The film has Lawrence riding off into the desert to persuade Anthony Quinn's Auda to stop taking Turkish money and joint the Revolt. In reality, whilst Auda had accepted Turkish gold in the past, he was very much fighting for Arab independence by this time.  Auda was with Lawrence from the beginning of the Aqaba mission and on the way rounded up 6-700 Arabs from his Howeitat tribe for the attack. The operation was at least as much Auda's as Lawrence's.

Director David Lean exaggerates the naval defences of Aqaba, which were minimal, although still enough to keep the Royal Navy away, and misses out the Turkish infantry battalion that was camped round the last well before the port. These were dealt with using classic guerrilla tactics. The Turks were first harassed by snipers until, after a day in the sun being shot at, they were finished off by a charge from Auda. All were either killed or captured. The port then fell with the help of the Royal Navy without a shot being fired.

It was an amazing victory by an irregular force over numbers of superior soldiers, and completely changed the strategic situation. The Arabs were now in a position to threaten the entire length of the Hejaz railway, as well as to move on to Damascus. For this battle alone, Lawrence deserves to be famous.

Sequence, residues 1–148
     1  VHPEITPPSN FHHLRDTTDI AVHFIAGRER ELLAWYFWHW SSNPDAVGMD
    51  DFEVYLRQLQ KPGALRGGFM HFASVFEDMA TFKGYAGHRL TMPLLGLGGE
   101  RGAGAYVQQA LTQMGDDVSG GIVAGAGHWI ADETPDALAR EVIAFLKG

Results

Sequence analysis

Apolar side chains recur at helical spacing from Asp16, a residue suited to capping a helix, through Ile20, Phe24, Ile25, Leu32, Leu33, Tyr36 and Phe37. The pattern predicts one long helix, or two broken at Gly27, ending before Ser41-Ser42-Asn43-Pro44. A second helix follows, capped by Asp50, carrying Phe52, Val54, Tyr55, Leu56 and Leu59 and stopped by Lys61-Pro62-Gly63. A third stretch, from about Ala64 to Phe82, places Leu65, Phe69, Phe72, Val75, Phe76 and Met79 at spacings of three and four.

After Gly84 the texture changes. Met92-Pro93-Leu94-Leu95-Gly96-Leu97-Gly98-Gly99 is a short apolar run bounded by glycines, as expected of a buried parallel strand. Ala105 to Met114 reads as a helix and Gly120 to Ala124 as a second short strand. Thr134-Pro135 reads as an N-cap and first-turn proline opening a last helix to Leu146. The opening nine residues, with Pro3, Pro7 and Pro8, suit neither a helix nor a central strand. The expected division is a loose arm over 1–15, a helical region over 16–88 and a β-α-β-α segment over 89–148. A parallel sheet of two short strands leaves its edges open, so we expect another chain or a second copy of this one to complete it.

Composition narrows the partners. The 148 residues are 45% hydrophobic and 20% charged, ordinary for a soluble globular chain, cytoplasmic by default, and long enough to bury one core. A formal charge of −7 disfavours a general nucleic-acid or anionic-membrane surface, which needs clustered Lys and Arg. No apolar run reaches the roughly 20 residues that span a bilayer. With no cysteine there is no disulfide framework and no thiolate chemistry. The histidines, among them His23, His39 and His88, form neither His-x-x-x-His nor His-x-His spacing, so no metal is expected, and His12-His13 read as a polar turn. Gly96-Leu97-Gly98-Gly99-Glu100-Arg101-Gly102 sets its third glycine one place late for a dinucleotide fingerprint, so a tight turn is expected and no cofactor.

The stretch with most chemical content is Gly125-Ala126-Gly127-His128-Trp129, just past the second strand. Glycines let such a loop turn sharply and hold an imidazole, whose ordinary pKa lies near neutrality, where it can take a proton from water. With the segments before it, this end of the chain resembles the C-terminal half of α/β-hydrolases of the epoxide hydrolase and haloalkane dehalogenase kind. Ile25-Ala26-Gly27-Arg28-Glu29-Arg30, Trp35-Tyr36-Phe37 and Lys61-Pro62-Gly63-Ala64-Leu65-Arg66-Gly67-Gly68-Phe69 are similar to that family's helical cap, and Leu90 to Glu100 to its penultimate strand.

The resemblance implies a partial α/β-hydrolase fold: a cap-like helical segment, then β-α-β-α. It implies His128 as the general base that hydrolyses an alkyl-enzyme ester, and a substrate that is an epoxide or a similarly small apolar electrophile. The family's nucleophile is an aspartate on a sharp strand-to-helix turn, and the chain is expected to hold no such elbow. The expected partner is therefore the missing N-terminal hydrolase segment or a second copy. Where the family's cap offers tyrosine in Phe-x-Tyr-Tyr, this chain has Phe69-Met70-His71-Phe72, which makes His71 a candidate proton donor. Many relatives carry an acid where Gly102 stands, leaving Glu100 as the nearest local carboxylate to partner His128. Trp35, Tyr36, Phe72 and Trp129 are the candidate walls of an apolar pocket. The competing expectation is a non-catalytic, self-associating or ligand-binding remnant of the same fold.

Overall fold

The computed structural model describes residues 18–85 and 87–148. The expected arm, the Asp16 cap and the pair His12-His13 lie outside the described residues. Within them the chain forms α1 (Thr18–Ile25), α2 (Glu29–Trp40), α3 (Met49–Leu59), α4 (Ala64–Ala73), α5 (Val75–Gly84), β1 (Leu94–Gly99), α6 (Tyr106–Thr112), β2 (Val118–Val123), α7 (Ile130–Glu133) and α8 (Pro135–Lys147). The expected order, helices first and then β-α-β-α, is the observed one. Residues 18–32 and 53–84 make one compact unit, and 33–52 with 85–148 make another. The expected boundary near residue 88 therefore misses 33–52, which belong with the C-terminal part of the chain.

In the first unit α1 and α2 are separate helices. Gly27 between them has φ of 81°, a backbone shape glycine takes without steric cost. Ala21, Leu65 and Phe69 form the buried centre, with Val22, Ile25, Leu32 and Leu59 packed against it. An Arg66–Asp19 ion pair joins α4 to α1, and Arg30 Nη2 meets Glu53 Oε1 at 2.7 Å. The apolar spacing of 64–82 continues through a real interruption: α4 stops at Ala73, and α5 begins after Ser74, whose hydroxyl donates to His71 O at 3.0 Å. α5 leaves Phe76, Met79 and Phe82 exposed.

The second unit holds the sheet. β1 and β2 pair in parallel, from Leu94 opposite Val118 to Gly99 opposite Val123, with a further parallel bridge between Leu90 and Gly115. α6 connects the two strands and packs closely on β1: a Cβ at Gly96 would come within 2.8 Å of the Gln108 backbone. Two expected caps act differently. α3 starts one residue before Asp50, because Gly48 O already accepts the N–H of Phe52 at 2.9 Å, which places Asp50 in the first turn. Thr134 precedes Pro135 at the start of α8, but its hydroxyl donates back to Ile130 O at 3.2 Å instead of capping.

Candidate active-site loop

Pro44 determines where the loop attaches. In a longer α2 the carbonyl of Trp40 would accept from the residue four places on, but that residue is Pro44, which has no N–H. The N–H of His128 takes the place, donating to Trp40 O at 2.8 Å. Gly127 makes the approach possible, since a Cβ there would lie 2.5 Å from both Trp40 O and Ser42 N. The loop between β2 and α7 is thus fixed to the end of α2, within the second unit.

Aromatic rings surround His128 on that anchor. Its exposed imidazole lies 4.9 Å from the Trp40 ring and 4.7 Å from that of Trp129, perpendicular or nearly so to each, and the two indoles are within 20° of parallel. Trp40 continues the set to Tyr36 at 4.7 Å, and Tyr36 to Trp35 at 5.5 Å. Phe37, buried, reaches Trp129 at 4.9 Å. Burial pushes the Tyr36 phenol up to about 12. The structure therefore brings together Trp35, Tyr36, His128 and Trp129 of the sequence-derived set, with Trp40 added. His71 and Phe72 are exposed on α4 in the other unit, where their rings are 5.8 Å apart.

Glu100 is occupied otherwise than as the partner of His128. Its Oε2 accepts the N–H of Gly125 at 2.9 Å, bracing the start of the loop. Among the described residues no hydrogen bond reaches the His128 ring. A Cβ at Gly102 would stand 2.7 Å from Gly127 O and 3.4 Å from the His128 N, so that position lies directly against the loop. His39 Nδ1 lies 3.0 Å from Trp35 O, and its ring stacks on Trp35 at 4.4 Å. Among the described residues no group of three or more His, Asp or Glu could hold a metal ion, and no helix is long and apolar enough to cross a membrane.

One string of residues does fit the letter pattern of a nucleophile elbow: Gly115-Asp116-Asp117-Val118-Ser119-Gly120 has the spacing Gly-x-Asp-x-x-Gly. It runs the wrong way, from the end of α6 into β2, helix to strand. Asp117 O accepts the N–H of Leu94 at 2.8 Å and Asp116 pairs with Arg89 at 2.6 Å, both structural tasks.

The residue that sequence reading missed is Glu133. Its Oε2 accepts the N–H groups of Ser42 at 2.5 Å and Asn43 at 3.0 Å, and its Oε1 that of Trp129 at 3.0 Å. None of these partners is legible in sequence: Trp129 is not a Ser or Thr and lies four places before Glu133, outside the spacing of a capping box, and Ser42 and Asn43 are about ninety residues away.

3. Co-ordinate the Revolt with Allenby  


Lawrence and Allenby
Sir Edmund Allenby arrived in Egypt in June 1917 with a reputation as being General Melchett style bloodthirsty bungler. In the deserts of Palestine though he found he calling, and his imaginative strategy led to him becoming the only genuine hero of the war the British Top Brass produced.

He was a month into the job Lawrence when captured Aquaba. Allenby immediately realised the potential of this act. The idea of coordinating the Arab Revolt with the British advance was Allenby's, not Lawrence's, but it was Lawrence who carried it out.

The Bedouin first of all tied down the Turkish forces, then cut their railway links, and finally covered the right flank of Allenby's army as it advanced on Damascus.

Lawrence's operation were not just with Arab irregulars, and he also led missions that consisted solely of British armoured cars and infantry on camels.